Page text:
Specializing District Courts for Patent Litigation

By Connors, Elizabeth | Case Western Reserve Law Review, Spring 2019 | Go to article overview

Specializing District Courts for Patent Litigation


Connors, Elizabeth, Case Western Reserve Law Review


INTRODUCTION   I. SPECIALIZATION AT THE TRIAL COURT LEVEL     A. What We Knew     B. What We Know     C. What This Does Not Answer     D. What the AIA Could Add II. SPECIALIZATION'S ADVANTAGES AND DISADVANTAGES     A. General Arguments for Specialization     B. Arguments Against Specialization Skepticism     C. The Specialization Already in Place     D. What Commentators Have Suggested     E. Effects to Consider III. RECOMMENDATIONS     A. What Should Be Considered     B. What Patent Tribunals Should Look Like Going Forward CONCLUSION 

INTRODUCTION

Specializing the judiciary is a contentious topic in an American legal system that assumes generalist judges can handle any case that comes before them. However, it has been acknowledged that patent law requires some form of specialization, whether it is among lawyers who prosecute patents before the Patent and Trademark Office (PTO) or the judges on the appellate court that reviews patent cases. Congress also recently passed a law that went even further to build patent law expertise in the judiciary, creating the Patent Pilot Program to allow participating district courts to designate specific judges to hear patent cases in that district. (1)

But, while this is an admirable experiment to promote specialization for patent litigation at the trial court level, the Patent Pilot Program may have been misguided in the way it addressed the problems identified in patent law jurisprudence. As the program is now seven years into its ten-year duration, (2) and the midpoint report on the program has been issued by the Federal Judicial Center, (3) this Note aims to look at whether the program is achieving its goals of creating expert judges for patent cases (4) or whether at the end of its duration Congress should consider other means of patent reform.

Part I of this Note will review studies that occurred prior to the passage of the Patent Pilot Program to evaluate what was already known about both patent litigation in district courts and district courts' relationship with the Federal Circuit. Part I will then go on to review the information from the five-year report and discuss qualities unique to patent law that lack data. Finally, Part I will address the passage and implementation of the American Invents Act (AIA) (5) that occurred after the Patent Pilot Program began. Part II will look at the arguments for and against specialization before reviewing several suggestions of how to specialize trial courts for patent litigation. Part III of this Note will address what should be prioritized in patent litigation reform and then lay out recommendations concerning the Patent Pilot Program and how to reform district court litigation of patent cases going forward.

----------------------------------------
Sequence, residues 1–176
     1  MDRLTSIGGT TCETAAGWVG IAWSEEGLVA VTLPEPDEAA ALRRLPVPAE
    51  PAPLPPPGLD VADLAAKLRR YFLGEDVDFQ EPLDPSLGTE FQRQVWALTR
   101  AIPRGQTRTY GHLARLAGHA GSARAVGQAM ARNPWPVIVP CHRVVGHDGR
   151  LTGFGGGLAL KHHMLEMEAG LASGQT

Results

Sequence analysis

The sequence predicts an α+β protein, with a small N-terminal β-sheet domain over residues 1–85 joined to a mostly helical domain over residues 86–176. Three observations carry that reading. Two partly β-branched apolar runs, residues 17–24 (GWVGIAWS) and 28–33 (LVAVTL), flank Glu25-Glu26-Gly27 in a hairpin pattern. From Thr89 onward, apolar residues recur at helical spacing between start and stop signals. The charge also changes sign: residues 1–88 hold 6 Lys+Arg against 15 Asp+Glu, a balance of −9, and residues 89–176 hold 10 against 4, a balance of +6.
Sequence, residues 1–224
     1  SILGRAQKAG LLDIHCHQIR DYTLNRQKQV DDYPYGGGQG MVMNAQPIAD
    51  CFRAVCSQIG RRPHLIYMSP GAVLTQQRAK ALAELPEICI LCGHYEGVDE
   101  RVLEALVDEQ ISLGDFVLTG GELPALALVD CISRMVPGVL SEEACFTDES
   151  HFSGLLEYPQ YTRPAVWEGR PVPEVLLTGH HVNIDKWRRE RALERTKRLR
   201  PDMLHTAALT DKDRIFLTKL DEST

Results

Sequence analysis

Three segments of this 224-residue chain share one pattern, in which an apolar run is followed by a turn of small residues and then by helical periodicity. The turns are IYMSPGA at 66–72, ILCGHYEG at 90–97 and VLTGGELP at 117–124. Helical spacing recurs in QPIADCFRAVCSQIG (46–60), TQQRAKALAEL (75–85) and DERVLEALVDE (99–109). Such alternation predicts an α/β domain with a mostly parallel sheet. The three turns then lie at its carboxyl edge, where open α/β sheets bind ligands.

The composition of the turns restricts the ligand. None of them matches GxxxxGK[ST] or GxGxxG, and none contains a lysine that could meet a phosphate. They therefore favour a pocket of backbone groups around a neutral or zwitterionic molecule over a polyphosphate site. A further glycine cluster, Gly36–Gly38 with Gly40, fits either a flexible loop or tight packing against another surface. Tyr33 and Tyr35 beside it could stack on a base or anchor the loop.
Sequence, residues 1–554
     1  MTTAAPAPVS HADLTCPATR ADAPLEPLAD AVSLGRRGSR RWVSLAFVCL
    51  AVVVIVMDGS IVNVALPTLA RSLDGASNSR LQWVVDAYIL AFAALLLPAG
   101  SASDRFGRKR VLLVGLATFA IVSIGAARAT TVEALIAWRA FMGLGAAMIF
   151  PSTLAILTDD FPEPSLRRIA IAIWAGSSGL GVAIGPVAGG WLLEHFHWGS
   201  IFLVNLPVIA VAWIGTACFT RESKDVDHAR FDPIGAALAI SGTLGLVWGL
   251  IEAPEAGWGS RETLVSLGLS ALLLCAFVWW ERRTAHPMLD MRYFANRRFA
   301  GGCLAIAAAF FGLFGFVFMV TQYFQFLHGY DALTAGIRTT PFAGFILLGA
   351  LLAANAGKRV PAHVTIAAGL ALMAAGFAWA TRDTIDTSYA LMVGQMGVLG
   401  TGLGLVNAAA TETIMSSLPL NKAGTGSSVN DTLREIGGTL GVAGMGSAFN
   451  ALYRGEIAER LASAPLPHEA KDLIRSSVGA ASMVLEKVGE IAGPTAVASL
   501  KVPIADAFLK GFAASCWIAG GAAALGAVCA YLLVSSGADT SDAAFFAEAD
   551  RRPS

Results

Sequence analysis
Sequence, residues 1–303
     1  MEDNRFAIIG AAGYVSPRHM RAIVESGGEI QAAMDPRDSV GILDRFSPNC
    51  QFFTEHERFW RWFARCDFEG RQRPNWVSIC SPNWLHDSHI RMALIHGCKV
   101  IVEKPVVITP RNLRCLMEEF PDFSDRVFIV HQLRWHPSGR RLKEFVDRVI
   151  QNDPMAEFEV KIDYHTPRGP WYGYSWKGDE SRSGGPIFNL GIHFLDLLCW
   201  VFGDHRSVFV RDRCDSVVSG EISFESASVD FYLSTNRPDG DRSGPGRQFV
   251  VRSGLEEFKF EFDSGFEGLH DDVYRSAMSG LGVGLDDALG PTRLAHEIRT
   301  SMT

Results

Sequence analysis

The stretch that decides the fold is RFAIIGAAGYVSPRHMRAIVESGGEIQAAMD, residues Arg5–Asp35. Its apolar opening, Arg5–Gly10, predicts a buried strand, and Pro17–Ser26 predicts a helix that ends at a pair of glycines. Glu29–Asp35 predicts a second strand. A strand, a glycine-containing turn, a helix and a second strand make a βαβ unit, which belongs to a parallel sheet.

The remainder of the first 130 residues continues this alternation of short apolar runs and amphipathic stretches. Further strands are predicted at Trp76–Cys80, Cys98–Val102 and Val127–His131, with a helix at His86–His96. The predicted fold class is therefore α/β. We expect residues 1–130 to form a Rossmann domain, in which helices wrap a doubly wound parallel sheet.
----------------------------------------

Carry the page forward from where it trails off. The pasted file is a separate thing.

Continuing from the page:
I. SPECIALIZATION AT THE TRIAL COURT LEVEL

In 2011, Congress enacted the Patent Pilot Program, which adjusts how patent cases are transferred between judges in federal district courts. (6) Thirteen districts volunteered; in these districts, at least one designated judge can have any patent case originally assigned to another judge in that district voluntarily reassigned to a designated judge. (7) This pilot program will last for ten years, with regular reports published comparing the empirical differences between patent cases handled by designated judges and nondesignated judges. (8) The reports evaluate the effect of judicial designation by looking at the extent to which the program has succeeded in developing expertise in patent cases among the designated district court judges; the extent to which the program improved the efficiency of the courts involved due to that expertise; the difference between designated judges and nondesignated judges in terms of the rate of reversal by the Court of Appeals for the Federal Circuit on the issues of claim construction and substantive law; the difference between designated judges and nondesignated judges in terms of the period of time elapsed from the date a case is filed to the date a trial begins or summary judgment is entered; evidence of forum shopping; and an assessment of whether Congress should either extend or make the program permanent. …

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